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Authors: Alex Grecian

The Yard

BOOK: The Yard
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THE YARD

THE YARD

ALEX GRECIAN

G. P. PUTNAM’S SONS
Publishers Since 1838

Published by the Penguin Group

Penguin Group (USA) Inc., 375 Hudson Street, New York, New York 10014, USA

Penguin Group (Canada), 90 Eglinton Avenue East, Suite 700, Toronto, Ontario M4P 2Y3, Canada (a division of Pearson Penguin Canada Inc.)

Penguin Books Ltd, 80 Strand, London WC2R 0RL, England

Penguin Ireland, 25 St Stephen’s Green, Dublin 2, Ireland (a division of Penguin Books Ltd)

Penguin Group (Australia), 250 Camberwell Road, Camberwell, Victoria 3124, Australia (a division of Pearson Australia Group Pty Ltd)

Penguin Books India Pvt Ltd, 11 Community Centre, Panchsheel Park, New Delhi–110 017, India

Penguin Group (NZ), 67 Apollo Drive, Rosedale, North Shore 0632, New Zealand (a division of Pearson New Zealand Ltd)

Penguin Books (South Africa) (Pty) Ltd, 24 Sturdee Avenue, Rosebank, Johannesburg 2196, South Africa

Penguin Books Ltd, Registered Offices:
80 Strand, London WC2R 0RL, England

Copyright © 2012 by Alex Grecian

All rights reserved. No part of this book may be reproduced, scanned, or distributed in any printed or electronic form without permission. Please do not participate in or encourage piracy of copyrighted materials in violation of the author’s rights. Purchase only authorized editions.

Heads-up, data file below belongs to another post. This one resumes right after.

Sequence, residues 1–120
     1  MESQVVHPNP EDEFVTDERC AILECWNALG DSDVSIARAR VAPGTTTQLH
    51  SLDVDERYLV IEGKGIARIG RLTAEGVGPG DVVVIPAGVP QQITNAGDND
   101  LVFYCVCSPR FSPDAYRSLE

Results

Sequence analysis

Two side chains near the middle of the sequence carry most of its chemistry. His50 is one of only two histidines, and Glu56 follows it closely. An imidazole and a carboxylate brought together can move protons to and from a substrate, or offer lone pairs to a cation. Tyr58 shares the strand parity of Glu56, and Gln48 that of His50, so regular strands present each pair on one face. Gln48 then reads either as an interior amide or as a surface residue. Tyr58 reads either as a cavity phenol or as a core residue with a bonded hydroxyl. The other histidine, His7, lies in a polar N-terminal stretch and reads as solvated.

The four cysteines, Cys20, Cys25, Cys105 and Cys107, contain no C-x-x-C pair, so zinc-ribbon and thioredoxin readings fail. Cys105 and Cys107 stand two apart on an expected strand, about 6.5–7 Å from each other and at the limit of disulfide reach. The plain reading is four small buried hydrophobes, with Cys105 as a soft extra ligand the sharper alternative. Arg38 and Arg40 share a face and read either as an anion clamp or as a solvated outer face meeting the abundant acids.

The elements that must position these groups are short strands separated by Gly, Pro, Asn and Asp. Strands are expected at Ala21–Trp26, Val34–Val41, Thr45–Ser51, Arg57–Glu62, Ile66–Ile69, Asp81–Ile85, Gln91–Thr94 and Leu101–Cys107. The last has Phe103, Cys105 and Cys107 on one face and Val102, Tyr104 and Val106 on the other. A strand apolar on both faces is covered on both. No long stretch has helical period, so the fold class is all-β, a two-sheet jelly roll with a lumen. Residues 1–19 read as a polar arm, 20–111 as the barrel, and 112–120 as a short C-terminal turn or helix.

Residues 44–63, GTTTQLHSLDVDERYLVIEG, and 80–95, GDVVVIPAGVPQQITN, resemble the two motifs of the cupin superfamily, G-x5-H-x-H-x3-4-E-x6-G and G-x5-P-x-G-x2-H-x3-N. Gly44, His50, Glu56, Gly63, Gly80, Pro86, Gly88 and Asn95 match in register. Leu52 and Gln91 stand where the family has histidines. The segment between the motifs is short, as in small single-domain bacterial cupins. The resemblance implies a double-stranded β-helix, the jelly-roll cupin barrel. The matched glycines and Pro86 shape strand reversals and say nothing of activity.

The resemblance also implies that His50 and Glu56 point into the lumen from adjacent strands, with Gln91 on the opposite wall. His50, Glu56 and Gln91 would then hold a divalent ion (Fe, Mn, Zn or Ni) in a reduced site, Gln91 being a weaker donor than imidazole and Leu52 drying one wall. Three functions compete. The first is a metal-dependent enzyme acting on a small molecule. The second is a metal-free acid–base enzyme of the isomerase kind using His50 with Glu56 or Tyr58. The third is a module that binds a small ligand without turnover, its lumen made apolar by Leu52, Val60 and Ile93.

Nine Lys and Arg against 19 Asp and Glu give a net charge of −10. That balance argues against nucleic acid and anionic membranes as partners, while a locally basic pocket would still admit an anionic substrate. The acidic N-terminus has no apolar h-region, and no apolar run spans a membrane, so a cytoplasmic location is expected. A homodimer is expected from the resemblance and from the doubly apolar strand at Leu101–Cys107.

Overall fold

Published simultaneously in Canada

Library of Congress Cataloging-in-Publication Data

Grecian, Alex.

The Yard / Alex Grecian.

p.     cm.

ISBN: 978-1-101-58857-4

1. Murder—Investigation—England—Fiction.   2. Detectives—England—Fiction.   I. Title.

PR6107.R426Y27     2012        2011050663

823’.92—dc23

Printed in the United States of America

1   3   5   7   9   10   8   6   4   2

BOOK DESIGN BY MEIGHAN CAVANAUGH

This is a work of fiction. Names, characters, places, and incidents either are the product of the author’s imagination or are used fictitiously, and any resemblance to actual persons, living or dead, businesses, companies, events, or locales is entirely coincidental.

While the author has made every effort to provide accurate telephone numbers and Internet addresses at the time of publication, neither the publisher nor the author assumes any responsibility for errors, or for changes that occur after publication. Further, the publisher does not have any control over and does not assume any responsibility for author or third-party websites or their content.

ALWAYS LEARNING

PEARSON

For Christy,
who will inspect this dedication
for plot holes.

If you wake at midnight, and hear a horse’s feet,

Don’t go drawing back the blind, or looking in the street.

Them that asks no questions isn’t told a lie.

Watch the wall, my darling, while the Gentlemen go by!

—Rudyard Kipling, “A Smuggler’s Song”

TABLE OF CONTENTS

PROLOGUE

DAY ONE

1

2

3

4

5

6

7

8

9

10

11

12

13

14

15

16

17

18

19

20

21

DAY TWO

22

23

24

25

26

27

28

29

30

31

32

33

34

35

36

37

38

39

40

41

42

43

44

45

46

47

48

49

50

51

52

53

54

55

56

57

58

59

60

61

62

DAY THREE

63

64

65

66

67

68

69

70

71

72

73

74

75

76

77

78

79

80

81

82

83

84

85

86

87

88

89

90

91

92

93

94

95

96

97

98

99

100

101

102

103

104

105

106

107

EPILOGUE

ACKNOWLEDGMENTS

PROLOGUE

L
ONDON
, 1889.

N
obody noticed when Inspector Christian Little of Scotland Yard disappeared, and nobody was looking for him when he was found.